During the 2020 SAFETY4SEA London Forum, Capt. Mark Bull, Principal, Trafalgar Navigation Limited, questioned if the ISM Code is failing, after more than 20 years since its implementation. Capt. Bull firstly provided a brief history of the ISM Code, as well as a description of the five main areas where he felt the Code has failed and went on to explain how such potential failures affect the crew. Since it was introduced; however, nobody has reviewed the Code to ensure its ongoing effectiveness, he concluded.
During the 2019 SAFETY4SEA Athens Conference, Mr. John Southam, Loss Prevention Executive at North Club, focused on a new safety approach called Safety Management 2.0. This highlights a current problem in shipping where company’s management systems are mainly based on complex procedures alone often forgetting the human element.
Industry insiders are for many years now, pinpointing the urgent need for seafarers to be trained as human beings and the importance of considering the underlying factors behind accidents too and it seems that in that way, we have been better thinkers. How, therefore, has the so-called human factor been considered as a symptom and not as a cause with the passage of time?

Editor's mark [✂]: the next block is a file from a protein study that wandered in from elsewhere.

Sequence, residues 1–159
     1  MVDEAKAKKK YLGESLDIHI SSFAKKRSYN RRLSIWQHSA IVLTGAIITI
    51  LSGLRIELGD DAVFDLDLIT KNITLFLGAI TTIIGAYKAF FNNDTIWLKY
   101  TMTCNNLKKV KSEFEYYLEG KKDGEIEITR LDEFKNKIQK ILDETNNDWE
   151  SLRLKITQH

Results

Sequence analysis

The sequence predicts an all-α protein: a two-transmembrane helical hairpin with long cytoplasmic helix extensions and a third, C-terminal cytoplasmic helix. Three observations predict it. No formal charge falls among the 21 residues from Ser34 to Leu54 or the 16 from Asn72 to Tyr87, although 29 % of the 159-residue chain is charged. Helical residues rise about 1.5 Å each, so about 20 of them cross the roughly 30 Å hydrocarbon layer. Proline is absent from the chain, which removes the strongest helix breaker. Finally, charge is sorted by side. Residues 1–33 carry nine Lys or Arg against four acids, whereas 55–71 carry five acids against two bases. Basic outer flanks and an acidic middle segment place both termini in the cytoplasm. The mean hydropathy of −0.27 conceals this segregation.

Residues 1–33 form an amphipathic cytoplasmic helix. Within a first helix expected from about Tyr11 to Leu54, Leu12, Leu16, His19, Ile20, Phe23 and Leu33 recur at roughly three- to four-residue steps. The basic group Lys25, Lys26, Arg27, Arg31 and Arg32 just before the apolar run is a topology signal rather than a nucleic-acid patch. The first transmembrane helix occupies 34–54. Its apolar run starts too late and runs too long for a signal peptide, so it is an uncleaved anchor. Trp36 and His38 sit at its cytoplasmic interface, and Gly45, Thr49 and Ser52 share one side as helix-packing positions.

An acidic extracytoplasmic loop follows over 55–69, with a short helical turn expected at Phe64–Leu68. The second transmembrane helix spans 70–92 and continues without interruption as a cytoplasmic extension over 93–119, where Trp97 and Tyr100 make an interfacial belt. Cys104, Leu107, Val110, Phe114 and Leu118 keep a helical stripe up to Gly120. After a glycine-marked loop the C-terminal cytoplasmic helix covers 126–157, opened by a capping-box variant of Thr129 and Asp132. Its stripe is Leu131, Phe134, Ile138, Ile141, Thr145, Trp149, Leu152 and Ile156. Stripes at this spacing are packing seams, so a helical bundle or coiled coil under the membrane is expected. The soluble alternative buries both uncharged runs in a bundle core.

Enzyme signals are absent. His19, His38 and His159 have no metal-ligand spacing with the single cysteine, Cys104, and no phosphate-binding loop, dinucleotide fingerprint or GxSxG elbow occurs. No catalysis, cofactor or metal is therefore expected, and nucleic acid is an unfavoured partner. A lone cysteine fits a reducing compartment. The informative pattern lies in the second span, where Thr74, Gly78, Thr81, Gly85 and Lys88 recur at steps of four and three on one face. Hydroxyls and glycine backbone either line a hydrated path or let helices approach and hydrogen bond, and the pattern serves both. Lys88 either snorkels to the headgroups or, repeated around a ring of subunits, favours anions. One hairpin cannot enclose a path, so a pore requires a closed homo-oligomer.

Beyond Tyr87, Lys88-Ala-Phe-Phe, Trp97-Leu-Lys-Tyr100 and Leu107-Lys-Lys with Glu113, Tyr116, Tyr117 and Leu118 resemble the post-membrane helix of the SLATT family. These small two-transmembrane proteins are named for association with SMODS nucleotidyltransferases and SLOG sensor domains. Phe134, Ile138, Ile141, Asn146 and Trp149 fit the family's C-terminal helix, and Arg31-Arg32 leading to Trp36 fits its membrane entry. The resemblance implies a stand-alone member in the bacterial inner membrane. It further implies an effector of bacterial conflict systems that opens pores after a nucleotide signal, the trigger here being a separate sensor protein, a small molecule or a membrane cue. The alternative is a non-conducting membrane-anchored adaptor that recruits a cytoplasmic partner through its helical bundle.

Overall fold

During the 2019 SAFETY4SEA London Forum, Captain Mark Bull, Principal, Trafalgar Navigation, noted that as an industry, when it comes to navigation safety there is no industry wide leading indicator system; Surprisingly, the ISM Code does not even mention navigation.
It has been 30 years since the initial drafting and 20 years since the mandatory introduction and of the ISM Code. While a lot of ink has been spent around the globe, we do not have a clear structure on how to assess the effectiveness of the ISM Code and at the same time we have seen very limited reports on the subject. However, we have a clear understanding of how shipping stakeholders work and that will guide us to assess where we stand.
Mr. Theophanis Theophanous, Managing Director of Bernhard Schulte Shipmanagement (BSM) Greece, highlights that mandatory implementation of the ISM code, has had an advantageous impact on maritime safety and pollution prevention.
Capt. Yves Vandenborn, Director of Loss Prevention at the Standard P&I Club, addresses the ISM Code. 20 years after the Code came into effect in 1998, Mr. Vandenborn examines the course of it and what needs to be done in order to become more effective.
Warwick Norman, CEO, Rightship, talked about the vetting evolution over the last twenty years at the 2017 SAFETY4SEA Conference. Capt. Norman said that the motivation for the creation of RightShip was largely a desire to improve safety standards, in particular around the cape fleet where both BHP & Rio shared a common risk.
Sean Hutchings, Chief Technical Officer, Thome Group of Companies, noted during his presentation at the 2017 SAFETY4SEA Conference, that since the introduction of the ISM Code in the mid 90’s, there has been an increase in the number and complexity of procedures in maritime safety management systems. Mr. Hutchings explained how a SMS can be easy to navigate and understandable to serve its purpose.
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